, a science fiction author, stated in a 2003 lecture at Caltech:
The problem, of course, is that none of the terms can
be known, and most cannot even be estimated. The only way to work the
equation is to fill in with guesses. [...] As a result, the Drake equation can have any value from "billions and
billions" to zero. An expression that can mean anything means nothing.
Speaking precisely, the Drake equation is literally meaningless...


Another objection is that the very form of the Drake equation assumes that civilizations arise and then die out within their original solar systems. If interstellar colonization is possible, then this assumption is invalid, and the equations of population dynamics
Population dynamics
Population dynamics is the branch of life sciences that studies short-term and long-term changes in the size and age composition of populations, and the biological and environmental processes influencing those changes...

 would apply instead.

One reply to such criticisms is that even though the Drake equation currently involves speculation about unmeasured parameters, it was not meant to be science, but intended as a way to stimulate dialogue on these topics. Then the focus becomes how to proceed experimentally. Indeed, Drake originally formulated the equation merely as an agenda for discussion at the Green Bank conference.

In fiction


The Drake equation and the Fermi paradox
Fermi paradox
The Fermi paradox is the apparent contradiction between high estimates of the probability of the existence of extraterrestrial civilizations and the lack of evidence for, or contact with, such civilizations....

 have been discussed many times in science fiction
Science fiction
Science fiction is a genre of fiction dealing with imaginary but more or less plausible content such as future settings, futuristic science and technology, space travel, aliens, and paranormal abilities...

, including both serious takes in stories such as Frederik Pohl
Frederik Pohl
Frederik George Pohl, Jr. is an American science fiction writer, editor and fan, with a career spanning over seventy years — from his first published work, "Elegy to a Dead Planet: Luna" , to his most recent novel, All the Lives He Led .He won the National Book Award in 1980 for his novel Jem...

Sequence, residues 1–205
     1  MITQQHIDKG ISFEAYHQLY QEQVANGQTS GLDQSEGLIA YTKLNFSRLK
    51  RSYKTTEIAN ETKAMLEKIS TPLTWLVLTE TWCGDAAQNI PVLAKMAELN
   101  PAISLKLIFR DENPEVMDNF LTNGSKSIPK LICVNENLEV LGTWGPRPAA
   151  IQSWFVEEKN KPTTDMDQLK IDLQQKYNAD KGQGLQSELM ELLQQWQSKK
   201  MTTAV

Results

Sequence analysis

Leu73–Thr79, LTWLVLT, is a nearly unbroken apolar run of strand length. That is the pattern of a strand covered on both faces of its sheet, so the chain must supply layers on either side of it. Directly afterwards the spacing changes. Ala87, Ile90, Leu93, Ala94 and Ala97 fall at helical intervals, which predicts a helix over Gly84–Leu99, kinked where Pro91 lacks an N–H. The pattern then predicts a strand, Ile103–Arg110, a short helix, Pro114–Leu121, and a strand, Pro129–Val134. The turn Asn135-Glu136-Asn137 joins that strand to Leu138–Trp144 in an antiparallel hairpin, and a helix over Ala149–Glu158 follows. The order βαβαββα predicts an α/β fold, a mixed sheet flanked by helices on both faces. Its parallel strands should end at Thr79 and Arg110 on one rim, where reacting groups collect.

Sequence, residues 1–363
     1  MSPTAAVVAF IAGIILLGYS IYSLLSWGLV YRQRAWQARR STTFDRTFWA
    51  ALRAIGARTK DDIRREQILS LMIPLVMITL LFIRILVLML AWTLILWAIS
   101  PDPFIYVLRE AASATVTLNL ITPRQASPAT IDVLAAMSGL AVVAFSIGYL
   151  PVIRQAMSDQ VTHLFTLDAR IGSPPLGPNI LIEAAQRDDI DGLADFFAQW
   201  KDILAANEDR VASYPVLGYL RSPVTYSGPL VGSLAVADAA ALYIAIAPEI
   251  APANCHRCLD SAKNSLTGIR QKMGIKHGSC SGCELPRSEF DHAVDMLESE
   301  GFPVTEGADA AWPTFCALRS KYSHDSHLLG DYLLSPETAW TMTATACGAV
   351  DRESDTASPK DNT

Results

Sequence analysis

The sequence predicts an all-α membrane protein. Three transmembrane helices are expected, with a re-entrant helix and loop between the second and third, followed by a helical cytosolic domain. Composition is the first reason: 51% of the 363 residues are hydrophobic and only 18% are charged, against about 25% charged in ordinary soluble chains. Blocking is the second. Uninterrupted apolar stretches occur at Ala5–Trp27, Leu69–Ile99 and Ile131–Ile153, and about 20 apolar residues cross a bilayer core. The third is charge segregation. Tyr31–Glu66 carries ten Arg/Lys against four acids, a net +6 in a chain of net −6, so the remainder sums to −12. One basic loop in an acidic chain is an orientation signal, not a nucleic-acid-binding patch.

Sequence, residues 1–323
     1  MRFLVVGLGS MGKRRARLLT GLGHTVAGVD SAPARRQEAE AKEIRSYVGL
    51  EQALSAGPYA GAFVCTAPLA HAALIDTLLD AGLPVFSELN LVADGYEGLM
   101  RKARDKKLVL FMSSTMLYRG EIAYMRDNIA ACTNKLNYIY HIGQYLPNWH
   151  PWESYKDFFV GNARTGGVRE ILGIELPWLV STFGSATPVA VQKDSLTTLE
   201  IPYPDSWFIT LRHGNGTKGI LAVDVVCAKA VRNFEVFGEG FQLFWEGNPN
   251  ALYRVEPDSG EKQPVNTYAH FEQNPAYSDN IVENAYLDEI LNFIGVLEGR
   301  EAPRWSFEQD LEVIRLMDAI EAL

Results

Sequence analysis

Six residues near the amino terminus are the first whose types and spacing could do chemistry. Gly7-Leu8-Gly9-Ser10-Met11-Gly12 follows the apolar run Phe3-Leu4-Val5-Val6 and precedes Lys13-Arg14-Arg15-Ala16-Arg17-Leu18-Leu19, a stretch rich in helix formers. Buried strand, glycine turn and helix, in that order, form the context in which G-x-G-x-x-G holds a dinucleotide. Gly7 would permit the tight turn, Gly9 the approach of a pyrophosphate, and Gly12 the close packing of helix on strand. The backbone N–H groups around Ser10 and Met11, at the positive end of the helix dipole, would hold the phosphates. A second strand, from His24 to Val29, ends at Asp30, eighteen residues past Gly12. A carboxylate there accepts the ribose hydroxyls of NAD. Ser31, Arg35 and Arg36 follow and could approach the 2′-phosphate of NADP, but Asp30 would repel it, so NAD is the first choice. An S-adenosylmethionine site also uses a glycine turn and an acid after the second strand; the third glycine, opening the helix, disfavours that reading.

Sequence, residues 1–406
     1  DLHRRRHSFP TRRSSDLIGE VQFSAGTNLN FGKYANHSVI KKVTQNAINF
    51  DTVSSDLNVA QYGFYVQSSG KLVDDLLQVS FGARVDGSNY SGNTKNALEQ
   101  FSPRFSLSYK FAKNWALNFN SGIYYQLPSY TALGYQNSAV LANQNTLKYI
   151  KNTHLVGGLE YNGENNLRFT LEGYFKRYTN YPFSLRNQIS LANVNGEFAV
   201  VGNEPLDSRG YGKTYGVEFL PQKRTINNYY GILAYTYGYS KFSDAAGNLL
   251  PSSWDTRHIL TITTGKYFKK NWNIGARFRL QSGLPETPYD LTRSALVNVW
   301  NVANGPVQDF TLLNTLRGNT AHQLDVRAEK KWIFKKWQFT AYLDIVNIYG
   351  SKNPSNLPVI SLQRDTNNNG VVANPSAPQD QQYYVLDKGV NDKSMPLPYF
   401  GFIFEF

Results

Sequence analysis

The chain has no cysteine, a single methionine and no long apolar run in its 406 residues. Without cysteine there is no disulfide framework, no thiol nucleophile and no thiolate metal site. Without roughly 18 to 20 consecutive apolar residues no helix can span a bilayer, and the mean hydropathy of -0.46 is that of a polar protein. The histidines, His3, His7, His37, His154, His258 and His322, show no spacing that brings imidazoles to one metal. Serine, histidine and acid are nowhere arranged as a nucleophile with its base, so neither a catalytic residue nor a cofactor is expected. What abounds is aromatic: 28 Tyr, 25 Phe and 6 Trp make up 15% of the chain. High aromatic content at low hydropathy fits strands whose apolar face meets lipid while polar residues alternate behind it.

's Hugo award
Hugo Award for Best Short Story
The Hugo Awards are given every year by the World Science Fiction Society for the best science fiction or fantasy works and achievements of the previous year. The award is named after Hugo Gernsback, the founder of the pioneering science fiction magazine Amazing Stories, and was once officially...

-winning "Fermi and Frost", which cites the paradox as evidence for the short lifetime of technical civilizations—that is, the possibility that once a civilization develops the power to destroy itself (perhaps by nuclear winter
Nuclear winter
Nuclear winter is a predicted climatic effect of nuclear war. It has been theorized that severely cold weather and reduced sunlight for a period of months or even years could be caused by detonating large numbers of nuclear weapons, especially over flammable targets such as cities, where large...

), it does. Optimistic results of the equation along with unobserved extraterrestials also serves as backdrop for humorous suggestions such as Terry Bisson
Terry Bisson
Terry Ballantine Bisson is an American science fiction and fantasy author best known for his short stories...

's classic short story "They're Made Out of Meat
They're Made Out of Meat
"They're Made Out of Meat" is a Nebula Award-nominated short story by Terry Bisson. It was originally published in OMNI. It consists entirely of dialogue between two characters, and Bisson's website hosts a theatrical adaptation...

," that there are many extraterrestrial civilizations but that they are deliberately ignoring humanity.
  • In The Melancholy of Haruhi Suzumiya, the Drake equation is briefly flashed during the opening theme song, a reference to Haruhi's intention to find aliens among other things.
  • The equation was cited by Gene Roddenberry
    Gene Roddenberry